Can Infrastructure Failures in Major Markets Propel Secondary Cities and SubUrbia?
If a business cannot house its employees in close proximity to the workplace, they must commute. If the commute is too long, too unreliable, and/or too costly, then the business loses productivity and maybe even the best employees as their personal quality life suffers as well. This is the danger facing cities such as many listed in the Top 6 above; the dual forces of high rents and long/costly/unreliable commutes is getting worse by the year. For me, the defining point in the failure of the Long Island City Amazon HQ2 was the plan for much maligned helipad Amazon was planning to use to shuttle executives in and out of the campus. The local residents decried this as the ultimate show of wealth and excess, and worse, a sign that Amazon was not in touch with the problems of the locals. In this way, the protesters were right to a point (but the ultimate outcome is still a major failure). It is unclear if the subways and roads could have handled the growth of +25,000 Amazon employees plus all the indirect and induced jobs the multiplier effect could cause. Especially considering other major projects in Brooklyn and Manhattan (such as Hudson Yards) would rely on some of the same transit lines. I fear many of the major metros in that Top 6 list are adding too much physical space and people while transit services and roadways deteriorate in condition and speed.
Does Innovation and Technology Factor as well?
Of course innovation and technology matters greatly as well. But again, I see Secondary Cities and SubUrban markets getting relative advantages by these factors also. In the main picture of this article, Interstate 4 is in the process of a major reconstruction and expansion project called Ultimate I-4, which will help keep the whole metro ahead in mobility as it grows. Because of these types of projects, cities like Orlando are more likely to find integration with new technology like driverless cars and trucks easier than congested roads like in metro New York. Further, Secondary Cities (and many SubUrban markets) are getting better and better global connectivity via their airports, a key driver of city growth. In January of 2019, the Airbus A220 was certified to fly up to 3,200 nautical miles. This aircraft, a relatively small regional jet with passenger capacity in the low to mid 100s, can now fly from the east coast of the US to Europe. The implication is that airlines, if demand dictates, can now operate profitable long-haul routes from smaller markets better than ever. For many US Secondary Cities this could a huge game changer as residents and business people were historically forced to change plans at major air hubs like Atlanta or Charlotte, a deterrent to many executives when selecting corporate locations.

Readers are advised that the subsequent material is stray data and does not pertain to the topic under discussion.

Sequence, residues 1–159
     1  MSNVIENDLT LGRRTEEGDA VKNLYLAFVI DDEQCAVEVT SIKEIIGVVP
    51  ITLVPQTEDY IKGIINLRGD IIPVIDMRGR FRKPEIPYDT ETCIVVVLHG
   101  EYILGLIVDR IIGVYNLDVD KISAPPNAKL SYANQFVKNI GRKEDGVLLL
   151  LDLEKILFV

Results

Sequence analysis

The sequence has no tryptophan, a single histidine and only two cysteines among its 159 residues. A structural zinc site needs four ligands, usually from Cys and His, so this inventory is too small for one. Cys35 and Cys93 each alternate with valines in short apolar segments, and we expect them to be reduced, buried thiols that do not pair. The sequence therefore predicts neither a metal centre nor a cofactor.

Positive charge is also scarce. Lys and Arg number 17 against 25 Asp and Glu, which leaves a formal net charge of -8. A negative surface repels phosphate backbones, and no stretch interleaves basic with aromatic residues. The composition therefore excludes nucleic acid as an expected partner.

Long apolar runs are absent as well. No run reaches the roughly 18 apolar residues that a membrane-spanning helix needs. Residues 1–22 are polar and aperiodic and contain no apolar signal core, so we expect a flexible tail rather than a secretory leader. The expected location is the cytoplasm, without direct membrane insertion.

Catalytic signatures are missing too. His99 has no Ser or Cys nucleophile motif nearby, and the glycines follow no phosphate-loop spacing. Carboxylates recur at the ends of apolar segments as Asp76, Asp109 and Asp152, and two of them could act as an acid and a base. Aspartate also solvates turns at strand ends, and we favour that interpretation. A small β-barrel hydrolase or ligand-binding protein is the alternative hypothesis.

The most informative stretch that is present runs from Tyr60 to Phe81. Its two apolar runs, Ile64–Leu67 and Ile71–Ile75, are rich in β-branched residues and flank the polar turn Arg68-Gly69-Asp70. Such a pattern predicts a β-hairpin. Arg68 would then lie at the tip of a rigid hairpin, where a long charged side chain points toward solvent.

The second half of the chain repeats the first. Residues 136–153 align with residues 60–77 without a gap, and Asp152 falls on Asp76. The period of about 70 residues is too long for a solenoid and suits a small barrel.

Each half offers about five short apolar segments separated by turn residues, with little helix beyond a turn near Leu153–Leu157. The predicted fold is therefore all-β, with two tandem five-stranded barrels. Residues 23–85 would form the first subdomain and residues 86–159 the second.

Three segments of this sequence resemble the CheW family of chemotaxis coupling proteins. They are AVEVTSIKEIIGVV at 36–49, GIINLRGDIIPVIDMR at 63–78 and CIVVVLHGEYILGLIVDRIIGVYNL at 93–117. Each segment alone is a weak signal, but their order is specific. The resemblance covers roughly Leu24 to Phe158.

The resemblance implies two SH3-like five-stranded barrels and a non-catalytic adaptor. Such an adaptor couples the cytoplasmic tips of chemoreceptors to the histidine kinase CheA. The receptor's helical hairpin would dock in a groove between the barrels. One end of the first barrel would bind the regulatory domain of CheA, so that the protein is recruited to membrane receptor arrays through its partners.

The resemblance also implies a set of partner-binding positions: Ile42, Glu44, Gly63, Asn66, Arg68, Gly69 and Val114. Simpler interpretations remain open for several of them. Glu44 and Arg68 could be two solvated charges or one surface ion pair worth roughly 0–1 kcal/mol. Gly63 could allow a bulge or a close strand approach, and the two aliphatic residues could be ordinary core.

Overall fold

Finally, I am in no way predicting death or significant decline in major markets, there is a reason many, many people and firms must locate in such mega markets. What I am saying, is that the rate of growth and value creation will occur much faster in Secondary Markets and certain SubUrban over the next ten years at least. From a risk-adjusted perspective, I think that makes such markets relatively better candidates for investment and business expansion.